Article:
Fundraising always presents both opportunities and challenges to nonprofits, and this is especially true for small-shop nonprofit fundraising. In fact, small nonprofits face a unique set of challenges, as they have smaller staffs, smaller budgets, and, often, less resources in general than mid-sized or large-sized nonprofits, so they must address challenges in different ways than their larger counterparts.
In September, Shaun Kulesza, Founder and CEO of ShopRaise, was joined by Kelly Russell at Artisan Auctions and Mackenzie Burckbuchler at Double the Donation for NXUnite’s “Fundraising Best Practices for Small Shop Nonprofits." The panelists delved into the specific challenges that nonprofits faced in the past few years, turning to the future to discuss how to overcome these challenges through the use of automation and by anticipating the upcoming generational shift in fundraising.
Challenges and changes
While they might seem obvious, it's essential, Shaun stated, that we discuss the challenges that the pandemic presented for nonprofit fundraising because it continues to have lingering effects. The pandemic created a large shift in the fundraising world, requiring nonprofits to shift their strategy when physical events were unsafe. So nonprofits turned to technology, such as CRMs and fundraising software, to attempt to create relationships with existing donors and potential donors.
Nonprofits did all they could to maintain and create these relationships, finding that it was a difficult time for event fundraisers in particular, but, Shaun emphasized, these virtual times required nonprofits to update their technology and engage donors and supporters in new ways. That’s why, he said, there’s “no excuse anymore to not keep people engaged” because nonprofits now have all the tools to diversify fundraising bases.
Technology is the new normal
When asked what nonprofits with smaller teams can do to improve fundraising without getting overwhelmed, Mackenzie answered that, as technology became the answer to putting on fundraising events during the height of the pandemic, technology is also the answer to maximizing efficiency more generally for small nonprofit teams. She specifically mentioned the value of automation, which doesn’t have to be as fancy or complicated as it sounds, but can be as simple as using existing data to free up time and focus on more personal outreach and high-value touchpoints.
Mackenzie proposed that data tracking might be a space that small nonprofits can capitalize upon automation. NXUnite suggests that tracking fundraising ROI, donor retention, and donor lifetime value are the 3 most important fundraising metrics to start tracking.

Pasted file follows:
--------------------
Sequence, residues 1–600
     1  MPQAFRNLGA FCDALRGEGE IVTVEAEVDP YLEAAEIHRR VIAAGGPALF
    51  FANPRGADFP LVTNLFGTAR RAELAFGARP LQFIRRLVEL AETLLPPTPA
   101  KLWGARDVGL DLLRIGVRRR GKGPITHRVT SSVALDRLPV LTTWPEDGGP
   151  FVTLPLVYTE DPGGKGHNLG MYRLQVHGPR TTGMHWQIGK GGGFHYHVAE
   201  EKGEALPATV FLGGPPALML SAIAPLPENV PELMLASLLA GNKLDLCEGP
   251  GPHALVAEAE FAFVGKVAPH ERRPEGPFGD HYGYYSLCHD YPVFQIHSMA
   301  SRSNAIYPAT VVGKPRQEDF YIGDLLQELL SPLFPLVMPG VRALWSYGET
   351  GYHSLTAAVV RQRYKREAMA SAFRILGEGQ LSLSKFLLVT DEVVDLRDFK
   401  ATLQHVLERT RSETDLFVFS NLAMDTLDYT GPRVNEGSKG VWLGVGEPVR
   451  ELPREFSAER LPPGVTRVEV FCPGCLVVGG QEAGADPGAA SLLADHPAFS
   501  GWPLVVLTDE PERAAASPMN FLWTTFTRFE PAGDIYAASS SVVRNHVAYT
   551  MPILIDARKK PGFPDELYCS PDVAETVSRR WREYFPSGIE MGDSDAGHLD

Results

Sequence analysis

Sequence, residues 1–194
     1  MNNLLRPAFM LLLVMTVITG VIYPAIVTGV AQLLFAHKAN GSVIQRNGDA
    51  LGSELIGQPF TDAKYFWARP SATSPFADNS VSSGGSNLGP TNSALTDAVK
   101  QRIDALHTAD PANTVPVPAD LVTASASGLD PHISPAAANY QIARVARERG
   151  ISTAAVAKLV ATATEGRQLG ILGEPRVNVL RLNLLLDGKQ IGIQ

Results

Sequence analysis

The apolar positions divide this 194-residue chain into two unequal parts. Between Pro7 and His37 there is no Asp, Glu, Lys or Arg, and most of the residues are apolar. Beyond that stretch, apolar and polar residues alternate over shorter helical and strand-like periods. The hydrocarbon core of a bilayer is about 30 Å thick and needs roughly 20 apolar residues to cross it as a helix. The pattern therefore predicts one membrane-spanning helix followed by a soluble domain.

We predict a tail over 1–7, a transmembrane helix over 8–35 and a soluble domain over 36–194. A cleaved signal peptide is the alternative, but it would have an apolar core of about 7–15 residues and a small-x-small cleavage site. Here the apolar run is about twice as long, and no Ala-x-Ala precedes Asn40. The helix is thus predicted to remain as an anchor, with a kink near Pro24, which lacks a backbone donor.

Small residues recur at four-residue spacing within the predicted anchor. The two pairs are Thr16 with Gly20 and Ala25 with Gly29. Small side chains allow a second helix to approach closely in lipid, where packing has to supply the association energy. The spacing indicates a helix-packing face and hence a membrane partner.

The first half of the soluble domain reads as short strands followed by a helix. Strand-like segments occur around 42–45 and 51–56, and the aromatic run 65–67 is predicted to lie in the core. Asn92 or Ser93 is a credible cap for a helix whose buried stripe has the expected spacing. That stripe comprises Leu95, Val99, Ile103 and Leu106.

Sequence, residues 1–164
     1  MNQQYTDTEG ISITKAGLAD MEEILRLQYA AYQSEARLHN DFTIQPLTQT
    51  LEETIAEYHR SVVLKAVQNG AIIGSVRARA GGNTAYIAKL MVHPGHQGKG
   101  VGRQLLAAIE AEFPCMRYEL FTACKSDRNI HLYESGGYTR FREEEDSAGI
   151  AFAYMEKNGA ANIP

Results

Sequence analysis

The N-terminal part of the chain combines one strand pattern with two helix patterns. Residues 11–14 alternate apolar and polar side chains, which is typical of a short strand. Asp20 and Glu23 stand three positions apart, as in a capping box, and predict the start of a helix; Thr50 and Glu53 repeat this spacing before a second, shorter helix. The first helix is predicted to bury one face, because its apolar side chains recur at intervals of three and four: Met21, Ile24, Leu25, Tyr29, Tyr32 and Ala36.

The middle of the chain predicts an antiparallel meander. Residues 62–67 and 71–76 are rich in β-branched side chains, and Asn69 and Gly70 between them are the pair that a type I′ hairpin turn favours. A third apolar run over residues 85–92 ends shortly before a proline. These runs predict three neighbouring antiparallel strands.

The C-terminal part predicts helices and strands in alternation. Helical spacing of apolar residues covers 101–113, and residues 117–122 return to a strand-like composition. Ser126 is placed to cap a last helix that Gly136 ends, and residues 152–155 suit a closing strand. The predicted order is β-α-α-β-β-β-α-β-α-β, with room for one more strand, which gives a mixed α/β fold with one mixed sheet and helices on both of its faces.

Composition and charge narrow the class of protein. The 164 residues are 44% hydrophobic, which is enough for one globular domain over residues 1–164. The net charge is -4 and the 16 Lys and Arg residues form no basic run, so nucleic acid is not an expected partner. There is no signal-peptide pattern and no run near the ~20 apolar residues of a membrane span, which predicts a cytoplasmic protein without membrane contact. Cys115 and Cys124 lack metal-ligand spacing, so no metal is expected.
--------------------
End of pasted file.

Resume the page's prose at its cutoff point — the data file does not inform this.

Mackenzie assured the audience, nonprofits know more about donor data than they might realize. By merely having relationships with donors, you might already know, for example, that a donor works at a catering company. Use this “data” when planning your next event and ask them if they’d like to support your nonprofit through their catering company!
Looking toward the future
Now that technology and data appear to be the new normal for nonprofit fundraising, what will nonprofits turn to tomorrow to continue maximizing and optimizing their fundraising efforts? When looking toward the future, Shaun highlighted the necessity of thinking about the generational shift that’s coming soon within the fundraising realm. While older donors might be your nonprofit’s most influential donors, they won’t be around forever, and it’s vital to begin engaging younger generations in your nonprofit’s activities. Shaun recommended that small nonprofits look at Tiktok, Instagram, Twitch, and Discord, saying “This is where the next generation of donors are.”
While many smaller nonprofits might be hesitant to funnel funds into engaging younger donors because they anticipate less donations from millennials and Gen Z, younger donors will not feel an affinity for organizations that they have no relationship with. So cultivate these relationships now! And while a lot of younger people might not have the money to be donors at this time, they have skills and education and can participate in supporting your nonprofit in other ways.
There are plenty of ways to diversify your donors and engage a wide range of supporters. Start now, and secure your nonprofit’s future.
All nonprofits have faced a variety of challenges over the past few years, and small nonprofits were certainly not immune to these challenges. But, as the panelists on NXUnite’s “Fundraising Best Practices for Small Shop Nonprofits" displayed, small nonprofits met these challenges head-on with resilience, adopting new forms of technology and new methods for event-planning.
As small nonprofits look toward the future, it’s important to continue to be flexible and open to change, embracing all the challenges that will come. And, if your mission is at the center of your nonprofit’s work, your organization will continue to overcome and, ultimately, be better for it.